2) Curation: This is licensing without paying for it, which may seem a contradiction in terms. The upside, of course, is that aggregating a variety of links, embeddable videos and small attributed excerpts on your site can build massive spokes of SEO-friendly content with you at the hub (e.g. Upworthy). The downside is that this can get legally dicey if done incorrectly (you really don't want a copyright lawsuit), and even when done correctly, you're encouraging people to click off your site. But if your goal is simply to be seen as a one-stop-shop resource or newsfeed for the best and brightest of your industry's trends and chatter this can prove effective.
Examples: Pulse Microsite (Pepsi); The Customer Edge (SAP); Content Loop (CapGemini). When done right, licensed content should still tell your brand story and blend seamlessly into the overarch of your look and feel. Microsites are a great way to ensure that there's a proper wall up between the informative bones of your primary site and your content marketing.
Bottomline: Licensed content is a bit more of a mixed bag. It can be excellent for driving traffic, social engagement and awareness, but has somewhat limited upside for opt-in lead generation and conversion. However, it is an effective way to supplement your original content creation and should be up to 25% of your content mix.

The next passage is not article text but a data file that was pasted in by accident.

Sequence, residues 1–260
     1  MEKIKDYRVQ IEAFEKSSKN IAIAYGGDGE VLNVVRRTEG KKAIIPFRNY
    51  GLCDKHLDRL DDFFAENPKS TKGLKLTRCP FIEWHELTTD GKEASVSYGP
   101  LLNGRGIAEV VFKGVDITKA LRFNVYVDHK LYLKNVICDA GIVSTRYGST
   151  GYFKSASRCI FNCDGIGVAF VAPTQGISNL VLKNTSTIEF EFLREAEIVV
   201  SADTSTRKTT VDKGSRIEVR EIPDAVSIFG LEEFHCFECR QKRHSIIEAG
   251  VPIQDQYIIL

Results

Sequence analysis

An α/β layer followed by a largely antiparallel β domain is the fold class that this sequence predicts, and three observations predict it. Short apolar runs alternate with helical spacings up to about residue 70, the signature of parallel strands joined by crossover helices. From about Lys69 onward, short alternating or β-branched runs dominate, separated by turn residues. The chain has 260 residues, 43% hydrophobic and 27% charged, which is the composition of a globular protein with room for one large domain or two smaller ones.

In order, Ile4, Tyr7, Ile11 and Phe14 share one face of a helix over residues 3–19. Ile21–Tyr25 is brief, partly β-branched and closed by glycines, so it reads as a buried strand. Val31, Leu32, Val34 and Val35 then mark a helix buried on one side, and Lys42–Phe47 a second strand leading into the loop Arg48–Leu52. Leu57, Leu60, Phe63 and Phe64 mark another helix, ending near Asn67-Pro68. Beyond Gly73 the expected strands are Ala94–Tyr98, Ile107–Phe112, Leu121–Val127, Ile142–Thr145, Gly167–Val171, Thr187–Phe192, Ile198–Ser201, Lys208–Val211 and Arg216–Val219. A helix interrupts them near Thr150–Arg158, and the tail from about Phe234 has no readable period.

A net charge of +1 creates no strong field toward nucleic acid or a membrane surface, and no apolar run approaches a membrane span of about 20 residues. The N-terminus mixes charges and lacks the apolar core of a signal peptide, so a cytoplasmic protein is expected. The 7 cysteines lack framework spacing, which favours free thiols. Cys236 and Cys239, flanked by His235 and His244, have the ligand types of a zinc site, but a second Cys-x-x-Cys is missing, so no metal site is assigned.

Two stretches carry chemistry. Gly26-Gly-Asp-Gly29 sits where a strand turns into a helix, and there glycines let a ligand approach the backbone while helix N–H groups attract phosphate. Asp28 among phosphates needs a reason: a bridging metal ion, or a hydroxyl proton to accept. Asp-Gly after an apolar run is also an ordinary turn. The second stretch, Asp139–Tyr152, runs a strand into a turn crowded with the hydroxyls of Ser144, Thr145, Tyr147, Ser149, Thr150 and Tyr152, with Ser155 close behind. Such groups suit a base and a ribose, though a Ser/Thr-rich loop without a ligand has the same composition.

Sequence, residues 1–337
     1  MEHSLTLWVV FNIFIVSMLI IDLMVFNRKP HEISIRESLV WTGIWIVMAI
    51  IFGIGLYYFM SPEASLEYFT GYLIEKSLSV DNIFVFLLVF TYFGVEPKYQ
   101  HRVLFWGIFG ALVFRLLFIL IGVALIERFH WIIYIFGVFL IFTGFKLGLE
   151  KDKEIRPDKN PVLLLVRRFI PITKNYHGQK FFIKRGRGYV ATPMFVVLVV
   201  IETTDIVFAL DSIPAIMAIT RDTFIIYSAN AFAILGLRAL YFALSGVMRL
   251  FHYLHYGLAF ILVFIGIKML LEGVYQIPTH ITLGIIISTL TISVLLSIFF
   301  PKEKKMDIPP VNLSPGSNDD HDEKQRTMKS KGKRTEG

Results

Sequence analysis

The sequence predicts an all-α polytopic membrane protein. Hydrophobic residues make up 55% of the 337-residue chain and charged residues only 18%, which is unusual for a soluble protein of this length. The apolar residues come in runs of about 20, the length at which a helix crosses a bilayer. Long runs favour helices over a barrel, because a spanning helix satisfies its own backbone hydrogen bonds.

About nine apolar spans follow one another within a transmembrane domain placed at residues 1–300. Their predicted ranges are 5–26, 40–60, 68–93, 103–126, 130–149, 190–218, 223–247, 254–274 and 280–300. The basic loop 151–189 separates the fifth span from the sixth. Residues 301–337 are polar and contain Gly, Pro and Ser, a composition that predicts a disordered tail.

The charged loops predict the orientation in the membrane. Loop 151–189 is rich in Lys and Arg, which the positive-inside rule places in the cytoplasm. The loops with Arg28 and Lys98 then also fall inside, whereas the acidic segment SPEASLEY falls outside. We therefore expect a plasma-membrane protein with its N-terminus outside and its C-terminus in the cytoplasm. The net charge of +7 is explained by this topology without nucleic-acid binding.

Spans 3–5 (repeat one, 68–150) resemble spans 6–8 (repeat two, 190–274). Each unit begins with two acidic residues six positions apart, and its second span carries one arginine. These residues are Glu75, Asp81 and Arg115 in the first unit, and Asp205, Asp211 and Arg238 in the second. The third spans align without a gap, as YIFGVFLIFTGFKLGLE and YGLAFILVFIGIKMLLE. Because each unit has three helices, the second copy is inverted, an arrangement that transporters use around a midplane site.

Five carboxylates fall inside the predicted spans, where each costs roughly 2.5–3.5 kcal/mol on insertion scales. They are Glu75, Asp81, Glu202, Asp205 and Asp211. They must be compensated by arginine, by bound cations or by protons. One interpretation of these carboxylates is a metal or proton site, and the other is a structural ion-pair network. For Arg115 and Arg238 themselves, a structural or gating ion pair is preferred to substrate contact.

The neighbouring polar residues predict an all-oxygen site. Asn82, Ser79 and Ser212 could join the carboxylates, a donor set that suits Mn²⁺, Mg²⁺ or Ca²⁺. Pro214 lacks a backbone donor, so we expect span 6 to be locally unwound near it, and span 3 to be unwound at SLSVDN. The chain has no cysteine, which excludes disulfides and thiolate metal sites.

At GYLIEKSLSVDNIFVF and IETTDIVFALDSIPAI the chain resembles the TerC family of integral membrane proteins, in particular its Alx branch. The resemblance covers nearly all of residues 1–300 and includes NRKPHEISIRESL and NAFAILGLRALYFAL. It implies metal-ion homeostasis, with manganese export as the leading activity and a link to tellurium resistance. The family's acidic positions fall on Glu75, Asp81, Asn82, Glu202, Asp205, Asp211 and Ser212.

3) User-Generated Content: Also known as UGC, this is an excellent and effective type of content if you can get it. Here your audience will be creating the content on your behalf, typically at no cost to you. But in many instances, it's a bit of an El Dorado--worth pursuing, but ultimately elusive.
Pros: It's usually free or little cost. What more do you need to know? It also helps provide a degree of social proof to your company, which any Marketing 101 class will tell you has the biggest influence on purchasing decisions.
Cons: It takes time and money to build up a large enough audience to even consider a proper UGC marketing deployment (i.e. you'll need hundreds of thousands, if not millions, of audience members that you can easily reach as a starting point. And remember you should expect 1% conversion to your UGC request or less). Once you've built up this newsletter, blog or social database you need to present them with a meaningful enticement or strong enough sense of attachment to your brand to want to create content for you. Beyond this, you've lost a bit of control with what the content will be and if it will walk lock-step with your brand voice and goals. And generally, UGC can only be done in short-bursts around a specific campaign. Making it repeatable and sustained is extremely difficult.
1) Media: Marketers and c-suite executives often forget that the media is part of their audience. This can be the largest and most cost effective echo chamber you've got for telling your brand's story. As "users" they should be creating content for you, but that means you need to engage them and give them reportable moments. So throw an event, a conference, make an announcement and hire a PR firm to bring it all together.